If colleges were spending most of their money on initiatives that improve the quality of education for students, you might regard price hikes running at two to four times the rate of inflation as a necessary evil. But spending on palatial dorms, state-of-the-art fitness centers and a panoply of gourmet dining options? Maybe not.

Yet that’s precisely what many schools are doing to attract students – engaging in a luxury arms race, fueled by the wealth of such elite institutions as Harvard and Yale.

Sure, they’re also putting funds into cutting class sizes and hiring top professors. But they’re spending even more on building Hogwarts-style dorms with mahogany casement windows of leaded glass (Princeton’s newest $136 million student residence); installing 35-foot climbing walls and hot tubs big enough for 15 people (Boston University); providing multiple eateries with varied cuisines and massive fitness and recreation centers (too many schools to name).

“There’s a lot of competition from other colleges,” says Steven Knapp, president of George Washington University. “In today’s consumer culture, parents and students expect a certain level of comfort – and they compare the amenities.”

Speaking of George Washington University, let’s segue into:

3) Attempts to burnish a school’s image as a selective, desirable school through price signaling (aka just charging more)

This trend actually seems to be shockingly real and also rather shockingly acknowledged by a number of administrators. The driver seems to often be the quest for a high ranking in the U.S. News and World Report college ratings (which was discussed in the previous post as well). George Washington U appears as the poster child in this trend expanding its facilities and exploding its tuition in the quest for perceived exclusivity. From Daniel Luzer’s excellent article “The Prestige Racket”

After decades of offering a low-cost education, GW took a sharp turn upmarket in the late 1980s under the presidency of Stephen Joel Trachtenberg. The university went on a high-class building spree, financed by a dizzying series of tuition increases. When Trachtenberg took office, undergraduate tuition was $14,000—below average for a private, four-year college. By the time he left in 2007, it had mushroomed to $39,000 a year (or, including fees and room and board, a whopping $50,000)—making GW the most expensive school in the United States.What Trachtenberg understood was that perception is reality in higher education—and perception can be bought. “You can get a Timex or a Casio for $65 or you can get a Rolex or a Patek Philippe for $10,000. It’s the same thing,” Trachtenberg says. The former president gambled that students who couldn’t quite get into the nation’s most exclusive colleges—and who would otherwise overlook a workmanlike school like the old GW—would flock to a university that at least had a price tag and a swank campus like those of the Ivy Leagues. “It serves as a trophy, a symbol,” he says. “It’s a sort of token of who they think they are.”

What’s amazing is that this strategy worked. During Trachtenberg’s tenure, applications for undergraduate admission increased from 6,000 to 20,000 a year, GW students’ average SAT scores increased by 200 points, the endowment increased to almost $1 billion—still quite low for GW’s size, but higher than the $200 million nest egg Trachtenberg inherited—and the university created five new schools.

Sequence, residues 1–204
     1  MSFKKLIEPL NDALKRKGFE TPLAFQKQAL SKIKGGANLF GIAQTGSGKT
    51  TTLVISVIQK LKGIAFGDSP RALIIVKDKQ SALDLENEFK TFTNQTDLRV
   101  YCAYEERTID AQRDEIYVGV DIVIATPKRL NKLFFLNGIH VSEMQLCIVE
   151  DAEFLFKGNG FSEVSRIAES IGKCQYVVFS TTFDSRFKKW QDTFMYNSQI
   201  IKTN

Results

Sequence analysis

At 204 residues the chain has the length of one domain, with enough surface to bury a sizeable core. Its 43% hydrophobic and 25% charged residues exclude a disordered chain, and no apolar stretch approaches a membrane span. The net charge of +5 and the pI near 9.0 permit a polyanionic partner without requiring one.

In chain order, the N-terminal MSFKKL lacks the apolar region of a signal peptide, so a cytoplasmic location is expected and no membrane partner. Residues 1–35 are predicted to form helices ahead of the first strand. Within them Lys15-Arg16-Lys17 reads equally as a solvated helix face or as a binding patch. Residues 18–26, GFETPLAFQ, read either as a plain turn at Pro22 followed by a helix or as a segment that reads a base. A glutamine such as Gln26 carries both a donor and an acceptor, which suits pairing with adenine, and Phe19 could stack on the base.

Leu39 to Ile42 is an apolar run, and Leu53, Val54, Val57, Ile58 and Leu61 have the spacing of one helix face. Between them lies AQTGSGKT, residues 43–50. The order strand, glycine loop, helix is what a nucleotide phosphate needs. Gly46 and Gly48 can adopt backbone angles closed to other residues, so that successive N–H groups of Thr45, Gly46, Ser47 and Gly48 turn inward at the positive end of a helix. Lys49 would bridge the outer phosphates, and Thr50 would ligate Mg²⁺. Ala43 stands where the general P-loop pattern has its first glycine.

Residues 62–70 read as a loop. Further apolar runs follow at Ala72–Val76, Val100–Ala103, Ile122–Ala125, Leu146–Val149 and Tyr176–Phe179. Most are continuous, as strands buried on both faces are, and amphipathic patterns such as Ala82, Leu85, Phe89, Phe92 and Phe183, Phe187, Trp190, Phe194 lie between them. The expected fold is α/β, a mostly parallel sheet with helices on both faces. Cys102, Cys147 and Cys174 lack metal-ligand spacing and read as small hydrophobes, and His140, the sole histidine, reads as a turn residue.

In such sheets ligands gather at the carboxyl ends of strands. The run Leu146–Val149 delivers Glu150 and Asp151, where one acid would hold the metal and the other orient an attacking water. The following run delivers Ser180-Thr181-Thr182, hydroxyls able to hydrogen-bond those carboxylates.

Trachtenberg’s cynical appraisal seems to be borne out in the 2008 paper “Getting on the Front Page: Organizational Reputation, Status Signals, and the Impact of U.S. News and World Report on Student Decisions” by Nicholas A. Bowman and Michael N. Bastedo. In it, the authors write:

Generally speaking, people are inclined to believe that a more expensive price tag is associated with better quality goods and services. Similarly, students and parents might use tuition as a reflection of prestige or quality. In support of this view, nine of the ten colleges with the highest tuition in 2006—George Washington University, University of Richmond, Sarah Lawrence College, Kenyon College, Vassar College, Bucknell University, Columbia University, Wesleyan University, and Trinity College—were consistently ranked in the top 50 during this study. To date, it is unclear whether the high costs contribute to perceptions of prestige or vice versa, but the asso- ciation certainly exists. Moreover, students and parents might also attempt to gauge institutional quality through their perceptions of instruction and learning opportunities. Although we do not have direct measures for perceived instructional quality, instructional expenditures may serve as a proxy for resources allocated toward this goal.

Indeed, changes in tuition and fees and instructional expenditures predict changes in admissions indicators, particularly among liberal arts colleges and the lower half of top-tier institutions. Specifically, among all liberal arts colleges, increases in instructional expenditures contribute to higher average SAT scores, lower acceptance rates, and more applications, in the following year. Among institutions ranked 26th–50th, tuition seems to serve as an indicator of prestige…That is, when controlling for the average tuition increase over time among other factors, an additional $1,000 increase in tuition leads to a 3.6-point gain in SAT scores, a 1.2% reduction in acceptance rates, and 0.5% increase in yield.

More from the Money article quoted earlier on price signaling and its payoffs:

In 2000, for example, Ursinus College in Collegeville, Pa. boosted tuition and fees by 17.6%. The following year the school received nearly 200 more applications than the year before, and within eight years the freshman class had grown 56%.

Hendrix College in Conway, Ark. had a similar experience in 2005 when it hiked its tuition rate by 29% to $22,000. The college in effect gave back much of the increase as financial aid or merit scholarships to 99% of the students; still, it seemed that tuition was as high as at places like the University of Richmond. Since then the number of incoming freshmen has increased by nearly 40%.